I spoke with Laserfiche about the new version 9 of its Rio enterprise content management (ECM) system. In the latest release the company is really pushing on the business process management functionality. They’re positioning the system more for managing processes without necessarily seeing them as document-centric. You can download the report from the Technology Evaluation Centers site (free).
It covers a lot of the other functionality provided in the Laserfiche products too–things like they handle document acquisition, redaction, workflows, and more.
I’ve published a new report on the EMC Documentum family of content management products and services. Go here to download it (free from the TEC site).
EMC’s path for Documentum has taken it in some promising directions. While this report doesn’t cover everything, it does explain a few of the key areas that EMC has been working on and plans to roll out in 2012. In particular, the report looks at what EMC is doing with mobile devices, governance, and case management.
If you’re in the process of evaluating enterprise content management systems and you’re interested in how Documentum stacks up for your needs, the report includes a (free trial) link to evaluate Documentum in TEC’s online decision support and analysis system.
If you’re looking into selecting a WCM system or are otherwise interested in MODX‘s open source WCM framework, I hope the link to this report is helpful. After pouring over MODX’s Web site, community forums, taking its WCM product for a brief spin, and talking with some of its team, I wrote up this profile on the company and its Revolution product.
It’s available for free download from Technology Evaluation Centers. You can also do a little bit of research on how MODX Revolution’s web content management system would satisfy your requirements, using the TEC Advisor analysis and comparison tool (this link allows you to use it for two hours free).
After using it for a few days now, there’s a lot I really like about Google Plus. But some choices, I don’t understand. I want to love Google Plus and think that I will eventually but that’s predicated on all the promise it could deliver. And that’s not to say that there isn’t already really compelling stuff about Plus (hangouts and circles of course). This is not an in-depth analysis, rather just some cursory thoughts on Plus. It’s cross-posted in my Plus stream here. Continue reading “Google Plus – A Few Early Thoughts”
Google announced that it would not continue developing Google Wave. At first read I thought this was an awful decision–Google Wave is a truly incredible product, which although it takes some getting used to, has huge potential. I thought Wave was one of the most important developments on the Internet since the Web. I was arguing in a previous post that Wave would be massively disruptive, disintermediating social activity on the Web while doing a lot of other very interesting things. After a bit more reflection, I think there may be something more interesting in Google’s announcement, and I don’t think it’s as simple as killing Wave. Continue reading “Wave’s Death Could be Preparation for a Rebirth”
OpenFile (openfile.ca) opened its public beta today. It’s attempting to develop a new means for news reporting. I discovered it from a colleague’s Twitter post and was quickly fascinated by the OpenFile model, which I think might have found a sweet way to conjoin citizen media with professional news reporting. Continue reading “New Way of News: OpenFile”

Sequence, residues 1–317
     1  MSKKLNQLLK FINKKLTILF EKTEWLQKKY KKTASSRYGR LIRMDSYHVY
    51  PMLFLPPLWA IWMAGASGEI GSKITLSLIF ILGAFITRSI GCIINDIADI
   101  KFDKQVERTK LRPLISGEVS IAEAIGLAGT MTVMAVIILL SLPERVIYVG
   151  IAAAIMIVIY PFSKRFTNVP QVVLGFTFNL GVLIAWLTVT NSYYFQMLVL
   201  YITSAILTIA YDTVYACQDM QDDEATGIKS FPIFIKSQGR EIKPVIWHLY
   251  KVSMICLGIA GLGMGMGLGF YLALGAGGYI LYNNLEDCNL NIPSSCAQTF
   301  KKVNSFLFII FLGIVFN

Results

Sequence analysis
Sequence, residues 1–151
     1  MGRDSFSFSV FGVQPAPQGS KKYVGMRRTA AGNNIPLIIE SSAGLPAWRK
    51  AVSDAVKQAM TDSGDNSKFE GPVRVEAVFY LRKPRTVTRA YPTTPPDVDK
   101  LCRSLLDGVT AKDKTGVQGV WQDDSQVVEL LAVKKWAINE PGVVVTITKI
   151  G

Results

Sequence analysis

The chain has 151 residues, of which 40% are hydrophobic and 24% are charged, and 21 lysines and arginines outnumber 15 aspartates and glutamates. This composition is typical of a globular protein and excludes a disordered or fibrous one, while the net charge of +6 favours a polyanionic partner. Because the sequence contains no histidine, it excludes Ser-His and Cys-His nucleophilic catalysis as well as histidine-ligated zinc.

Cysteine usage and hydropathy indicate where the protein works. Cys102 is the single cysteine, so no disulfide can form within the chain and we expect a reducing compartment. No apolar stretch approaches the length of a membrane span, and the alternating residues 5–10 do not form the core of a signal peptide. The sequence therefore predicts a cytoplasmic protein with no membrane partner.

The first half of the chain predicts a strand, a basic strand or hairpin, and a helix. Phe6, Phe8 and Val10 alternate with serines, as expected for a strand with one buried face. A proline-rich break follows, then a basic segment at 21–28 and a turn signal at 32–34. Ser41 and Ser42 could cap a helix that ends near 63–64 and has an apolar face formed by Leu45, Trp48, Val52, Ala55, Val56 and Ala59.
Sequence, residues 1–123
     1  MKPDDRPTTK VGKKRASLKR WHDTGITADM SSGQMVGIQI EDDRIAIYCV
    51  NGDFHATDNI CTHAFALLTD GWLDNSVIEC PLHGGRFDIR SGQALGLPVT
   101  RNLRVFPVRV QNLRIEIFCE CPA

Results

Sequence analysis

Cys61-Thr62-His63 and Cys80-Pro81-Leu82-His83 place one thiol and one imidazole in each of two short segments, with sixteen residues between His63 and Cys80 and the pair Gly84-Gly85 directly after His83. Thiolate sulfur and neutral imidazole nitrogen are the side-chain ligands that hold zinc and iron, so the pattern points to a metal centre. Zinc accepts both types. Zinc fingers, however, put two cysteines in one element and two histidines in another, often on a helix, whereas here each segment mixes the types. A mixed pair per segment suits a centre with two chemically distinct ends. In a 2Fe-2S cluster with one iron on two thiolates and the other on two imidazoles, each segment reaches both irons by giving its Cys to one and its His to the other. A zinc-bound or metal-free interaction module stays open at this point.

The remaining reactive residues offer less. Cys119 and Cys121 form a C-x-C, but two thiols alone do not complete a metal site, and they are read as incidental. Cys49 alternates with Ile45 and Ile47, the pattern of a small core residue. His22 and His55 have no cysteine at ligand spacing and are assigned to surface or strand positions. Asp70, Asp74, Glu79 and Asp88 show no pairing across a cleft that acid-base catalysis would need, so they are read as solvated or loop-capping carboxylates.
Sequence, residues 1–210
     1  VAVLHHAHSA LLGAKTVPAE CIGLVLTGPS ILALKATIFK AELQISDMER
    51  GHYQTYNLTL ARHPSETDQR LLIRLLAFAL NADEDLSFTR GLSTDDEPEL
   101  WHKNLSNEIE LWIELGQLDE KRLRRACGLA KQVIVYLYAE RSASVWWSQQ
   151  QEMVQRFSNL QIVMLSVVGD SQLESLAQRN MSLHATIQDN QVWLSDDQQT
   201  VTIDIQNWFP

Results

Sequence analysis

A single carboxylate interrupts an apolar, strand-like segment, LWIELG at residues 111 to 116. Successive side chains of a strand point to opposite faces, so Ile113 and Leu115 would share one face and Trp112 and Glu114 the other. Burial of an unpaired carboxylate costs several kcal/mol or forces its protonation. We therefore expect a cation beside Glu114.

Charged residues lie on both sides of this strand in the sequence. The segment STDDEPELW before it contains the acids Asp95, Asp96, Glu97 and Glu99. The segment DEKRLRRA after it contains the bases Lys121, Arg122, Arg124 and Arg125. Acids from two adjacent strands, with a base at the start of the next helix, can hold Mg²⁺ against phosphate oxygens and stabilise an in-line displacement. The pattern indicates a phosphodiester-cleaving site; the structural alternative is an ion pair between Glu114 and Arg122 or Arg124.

Ad hoc social networks: right now that’s what I’m calling the disruption Google Wave will wreak. I’m looking forward to it leaving the invite-only preview. It’ll be like kudzu sprouting everywhere, from its quiet persistance in the nooks and crannies of the Web, right on through to the most popular gathering spots.
Google Wave, or maybe more accurately, the open source Wave protocol could be the most important innovation to our interaction with the Internet since the development of the Web. Continue reading “Start the Wave: Disintermediating Social”
Update 9 July ’09: I tried it… nice additional feature but not a game-changer. Actually I believe I’m very underwhelmed.
Actually, reader, I’m a little tired of all these search posts. But new things keep happening and this one is compelling enough to note. I really miss Google’s notebook feature (actually a lot of people do). It was like BasKet for the Web. It sounds like Yahoo! is about to launch a new app called Search Pad that will be like Google’s notebook but with a teensy bit of intelligence.
This sounds like a right combination. If the search engine can be intelligent enough to figure out that you’re doing some sort of research and then help you with an easy-to-use note-taking, organizing system, fantastic. But if it becomes even more intelligent and can offer even more useful things than just archiving notes, that would be a powerful assistant.
There is some nice potential here. I wonder if Yahoo! will take advantage or underwhelm. Either way Google please take note, your competitors’ efforts to improve how people use the search results they get are becoming more sophisticated and intelligent. Will Wave make up for the loss of notebook?
I’ve tried Bing, on-and-off since its launch. It hasn’t convinced me that it’s much of a decision or knowledge engine. Bing has some nice search features but as far as I can tell nothing particularly game changing. Continue reading “Done Waiting for Bing Wow”
I’ve been talking about computer-assisted shallow atom assembly (CASAA) in my posts thinking about how we acquire knowledge in life with the pervasive Internet. Yesterday I read about Microsoft’s new search engine, Bing, which they’re actually calling a “decision engine.” From what I’ve read they’re making a clear effort to push search in the CASAA direction. Look how Balmer describes it: Continue reading “CASAA Birthing – New Decision and Knowledge Engines”